In this week’s Torah portion we learn of several of Moses’ leadership characteristics:
- Moses dutifully brings the Word of God to the people, and inspires them to fulfill it. This we see throughout the Torah, but we are told so specifically after God instructs Moses regarding the role of the Levites. Numbers 8:20). This
- Moses is not to proud to ask for advice and help. He asks his father-in-law to remain with the Israelites to help guide them when they leave Sinai to continue to the Land of Israel. (10:29-32)
- Moses intervenes with God when God is angry at the Israelites. His concern is for them, even when he himself his angry with them. (11:1-3)
- Moses takes very seriously the obligations of leadership, and the needs of the people. When the Israelites ask for meat, in addition to manna, he speaks honestly with God about his feeling that the task is to great for him. Leadership is a necessary burden, not an excuse for privilege. (11:10-25). It is true that we are not told in this case that Moses intervenes with God on behalf of the people as he usually does, when God strikes the Israelites with a plague.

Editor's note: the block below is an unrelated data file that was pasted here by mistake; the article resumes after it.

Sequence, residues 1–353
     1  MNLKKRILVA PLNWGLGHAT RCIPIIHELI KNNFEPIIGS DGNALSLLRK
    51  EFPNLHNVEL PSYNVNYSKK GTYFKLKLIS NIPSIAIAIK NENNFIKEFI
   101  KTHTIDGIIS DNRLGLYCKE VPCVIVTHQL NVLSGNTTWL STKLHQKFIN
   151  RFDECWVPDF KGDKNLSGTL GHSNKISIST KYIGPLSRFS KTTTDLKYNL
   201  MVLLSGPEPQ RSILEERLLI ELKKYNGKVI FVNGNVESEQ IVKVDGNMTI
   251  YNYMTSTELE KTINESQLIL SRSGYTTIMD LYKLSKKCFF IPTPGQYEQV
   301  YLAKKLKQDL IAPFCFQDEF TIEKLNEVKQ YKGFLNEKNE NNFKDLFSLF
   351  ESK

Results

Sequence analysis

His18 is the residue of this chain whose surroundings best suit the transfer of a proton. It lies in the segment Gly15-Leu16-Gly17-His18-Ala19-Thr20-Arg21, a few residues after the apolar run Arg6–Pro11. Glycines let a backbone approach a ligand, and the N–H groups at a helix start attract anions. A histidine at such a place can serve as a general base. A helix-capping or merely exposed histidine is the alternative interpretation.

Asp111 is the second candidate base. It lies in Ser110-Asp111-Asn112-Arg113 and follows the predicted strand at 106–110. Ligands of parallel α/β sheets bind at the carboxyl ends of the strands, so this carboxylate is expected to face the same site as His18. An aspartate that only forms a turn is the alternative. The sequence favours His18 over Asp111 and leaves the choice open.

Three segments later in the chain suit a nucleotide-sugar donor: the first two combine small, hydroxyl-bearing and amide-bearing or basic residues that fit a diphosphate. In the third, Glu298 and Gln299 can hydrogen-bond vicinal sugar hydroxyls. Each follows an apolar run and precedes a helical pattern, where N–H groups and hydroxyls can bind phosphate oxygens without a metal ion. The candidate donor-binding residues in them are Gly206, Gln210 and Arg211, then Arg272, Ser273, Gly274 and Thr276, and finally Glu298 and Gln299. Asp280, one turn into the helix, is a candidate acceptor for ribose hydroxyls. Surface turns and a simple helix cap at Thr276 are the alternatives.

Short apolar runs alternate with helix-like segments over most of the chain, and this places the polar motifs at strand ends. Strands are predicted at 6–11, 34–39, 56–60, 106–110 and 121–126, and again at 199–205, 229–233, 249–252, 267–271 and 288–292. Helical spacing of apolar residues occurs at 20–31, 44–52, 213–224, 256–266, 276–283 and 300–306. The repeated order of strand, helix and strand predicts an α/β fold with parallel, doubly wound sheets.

- Moses is more than happy to accept God’s solution that he share God’s Spirit that is upon him. ( 11:16-17, 24-25)
- Moses does not feel threatened by others, and encourages their leadership. Joshua says that Moses must restrain Eldad and Medad from prophesying in the camp. Moses respnds, “Are you wrought up on my account? Would that all of Adonai’s people were prophets, and that Adonai put Adonai’s spirit upon them!” (11:26-29)
- Moses is the humblest of all people, as we are told after Miriam and Aaron speak against him. Power and authority do not go to his head. (12:3)
- He doesn’t turn on those close to him, even if they have criticized him. Miriam is punished with some form of skin disease, after she and Aaron speak against him. Moses prays on her behalf. His love and concern for his sister, and gratitude for ll that she has done for him and the people are much more important than any blow to his ego. The midrash also suggest that Miriam may have spoken some justified criticism regarding how Moses treated his wife. (21:1-15)
We are again heading towards elections. Who among those who would lead us demonstrate these characteristics? Who among us will demand these qualities among those who would lead us?